Don’t get me wrong, i’m all for using neutral pronouns when they are appropriate. However, these can be as ignorant of one’s gender as using an incorrect binary pronoun. When someone calls me “they,” they aren’t acknowledging either my femininity or my sense of self as a queerly gendered creature.

Sadly, queer space is often the only space in which i even stand a chance of not being rendered significantly invisible. This trend of universalizing “they” relinquishes the responsibility to accurately refer to someone and makes queer space unwelcoming and un-affirming in the same way that non-queer space is.

So let’s get it right. Let’s get it right in our community, and then let’s spread it. Queer folk are under constant fire from the outside world, we shouldn’t face the same problems within our own circles. What’s more, we’re constantly expanding our sphere of influence merely by existing. Whether we want to or not, we’re setting precedents for the future of gender in our world. Let’s not continue the old, patriarchal framework in which gender is not defined by the Subject. Let’s shift this dynamic in our community now so that we can then expand self-determination in broader culture as well. But, disregarding politics, let’s work to respect each other for the sake of respect itself.

4 comments:

  1. I couldn't agree more. I will always prefer "which pronouns do you use?" ;)

    I like the pizza metaphor, though I would add: if the answer is "oh, anything without fish - I'm allergic", it would be rude to get them a pizza with extra anchovis. Most people get that (though not all). But what if you say "oh, anything without meat - I'm a vegetarian"? Then some people would maybe decide that being vegetarian is a "choice" you've made, and that they don't have to pay respect to that. Even if you would explain to them how sick you can get if you eat meat for the first time in years, they would still bring you that salami pizza just to prove their point. Because to them, eating meat is "normal" and they decide they know your needs better than you do.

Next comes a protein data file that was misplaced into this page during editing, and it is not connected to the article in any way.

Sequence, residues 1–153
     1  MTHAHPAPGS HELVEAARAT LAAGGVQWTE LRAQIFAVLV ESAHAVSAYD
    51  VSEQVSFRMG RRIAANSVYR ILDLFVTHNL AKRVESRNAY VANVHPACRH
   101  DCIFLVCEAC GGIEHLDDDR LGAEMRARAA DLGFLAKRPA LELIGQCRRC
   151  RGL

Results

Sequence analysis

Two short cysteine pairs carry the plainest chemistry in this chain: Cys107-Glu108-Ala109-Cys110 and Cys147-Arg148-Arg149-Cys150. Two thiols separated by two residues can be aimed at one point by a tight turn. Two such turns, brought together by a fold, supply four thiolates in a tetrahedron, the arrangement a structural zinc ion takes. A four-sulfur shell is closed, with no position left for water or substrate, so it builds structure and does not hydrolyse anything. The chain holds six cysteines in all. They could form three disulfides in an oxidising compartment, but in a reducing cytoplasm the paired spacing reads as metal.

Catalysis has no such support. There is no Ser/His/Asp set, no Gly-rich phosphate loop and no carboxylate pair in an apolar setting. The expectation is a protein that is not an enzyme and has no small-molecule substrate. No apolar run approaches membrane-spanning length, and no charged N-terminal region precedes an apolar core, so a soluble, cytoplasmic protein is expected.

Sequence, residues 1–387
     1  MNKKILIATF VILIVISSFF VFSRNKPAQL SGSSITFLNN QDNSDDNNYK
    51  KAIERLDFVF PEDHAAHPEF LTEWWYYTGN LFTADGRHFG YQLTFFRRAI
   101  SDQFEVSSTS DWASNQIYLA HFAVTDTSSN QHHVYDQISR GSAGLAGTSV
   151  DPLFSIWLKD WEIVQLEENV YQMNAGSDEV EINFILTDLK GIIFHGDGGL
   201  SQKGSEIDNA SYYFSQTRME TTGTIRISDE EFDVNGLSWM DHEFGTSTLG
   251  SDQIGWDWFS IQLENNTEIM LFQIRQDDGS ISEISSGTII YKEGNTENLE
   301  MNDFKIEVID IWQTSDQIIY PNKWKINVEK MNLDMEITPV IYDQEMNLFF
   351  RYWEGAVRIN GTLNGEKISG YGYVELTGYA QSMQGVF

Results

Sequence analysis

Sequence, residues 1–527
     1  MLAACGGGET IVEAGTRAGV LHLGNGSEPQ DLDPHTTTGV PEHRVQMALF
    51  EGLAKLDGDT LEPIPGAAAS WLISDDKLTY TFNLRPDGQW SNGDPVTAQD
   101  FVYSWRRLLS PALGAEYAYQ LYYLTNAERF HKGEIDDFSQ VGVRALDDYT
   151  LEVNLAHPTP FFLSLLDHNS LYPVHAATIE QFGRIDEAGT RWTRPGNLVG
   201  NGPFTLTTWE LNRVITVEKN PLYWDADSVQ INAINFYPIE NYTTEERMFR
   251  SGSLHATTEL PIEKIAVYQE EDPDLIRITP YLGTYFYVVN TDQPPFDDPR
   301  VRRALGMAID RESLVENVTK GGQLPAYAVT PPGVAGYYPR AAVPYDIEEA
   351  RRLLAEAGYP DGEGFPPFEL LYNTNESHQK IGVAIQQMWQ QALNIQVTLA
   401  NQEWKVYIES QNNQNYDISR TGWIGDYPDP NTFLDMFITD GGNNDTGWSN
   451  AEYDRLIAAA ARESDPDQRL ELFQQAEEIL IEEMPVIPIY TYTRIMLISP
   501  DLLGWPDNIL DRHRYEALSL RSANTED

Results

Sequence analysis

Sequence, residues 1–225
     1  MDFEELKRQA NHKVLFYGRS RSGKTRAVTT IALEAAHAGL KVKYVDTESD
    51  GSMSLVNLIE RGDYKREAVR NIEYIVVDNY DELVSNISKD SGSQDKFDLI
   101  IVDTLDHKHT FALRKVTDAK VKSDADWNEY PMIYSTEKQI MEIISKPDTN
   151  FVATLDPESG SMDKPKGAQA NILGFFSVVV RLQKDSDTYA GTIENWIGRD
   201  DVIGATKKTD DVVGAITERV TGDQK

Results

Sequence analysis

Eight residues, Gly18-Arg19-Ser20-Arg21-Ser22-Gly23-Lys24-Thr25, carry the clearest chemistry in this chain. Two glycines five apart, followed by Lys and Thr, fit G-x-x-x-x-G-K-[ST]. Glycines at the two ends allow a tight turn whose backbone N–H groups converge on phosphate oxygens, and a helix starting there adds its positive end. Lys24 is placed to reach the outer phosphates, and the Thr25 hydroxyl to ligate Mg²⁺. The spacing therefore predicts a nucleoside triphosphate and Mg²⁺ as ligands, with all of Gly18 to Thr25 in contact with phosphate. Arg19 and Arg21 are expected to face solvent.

That's the problem with "preference", as with all kinds of "tolerance" (instead of respect). If people ask me what pronouns I "prefer" I usually start a monologue about how I feel about gender-neutral versus male pronouns, just to make people aware of the word "prefer"...

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  2. Hello Ellie,

    I really identify with your post about pronouns. Here in Wisconsin (and I think in other places, too?) a lot of people tend to shorten it and ask "What are your PGPs?"

    Usually when people ask this, the first "P" stands for preferred, as you write about and which is extremely problematic.

    I think if we're going to use the term "PGPs" the first "P" should stand for personal, because pronouns are personal to everyone. I also feel like this shifts the perceived meaning from a "preference/option" to a sense of self/identity. I usually ask people to remember the first P as personal now.

    What do you think?

    Katka

    P.S. I do support your assertion of using “What are your pronouns?” or “What pronouns do you use?”

    I am just also curious about what you might think of shifting from "preferred" to "personal."

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  3. onefly on Twitter @flyhasflownJanuary 19, 2012 at 9:47 AM

    Do you have any advice to offer to family of trans? I raised a child who is now an adult and has now declared a different gender in certain circles.
    (1) This adult offspring has not asked me to refer using the new gender or pronouns, but now tells friends I am ignoring the change I have not been asked to recognize.
    (2) I only know of said transitioning through reading twitter posts that are not locked. Said offspring accuses me of stalking if I read these posts, but same offspring accuses me of disrespect if I don't respect information that I wouldn't have any other way.
    (3) I don't know how to discuss past life. For example, using different names, if I said "my son Jonny used to..." Is that to be considered offensive f when Jonny was little Jonny was my son but now wants me to relate history that Jonny was my daughter?

    I'm really in a difficult place wanting to demonstrate love and acceptance. I also want my offspring to try to accept where I am, not hold my past against me, but also not expect me to be further along than where I am.

    Any suggestions?

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  4. Onefly,

    I'd suggest asking your child what you should do. Direct communication is the best method. Just remember, it might take some time and it might change later. All you can do is be open and affirming and keep lines of communication open.

    ReplyDelete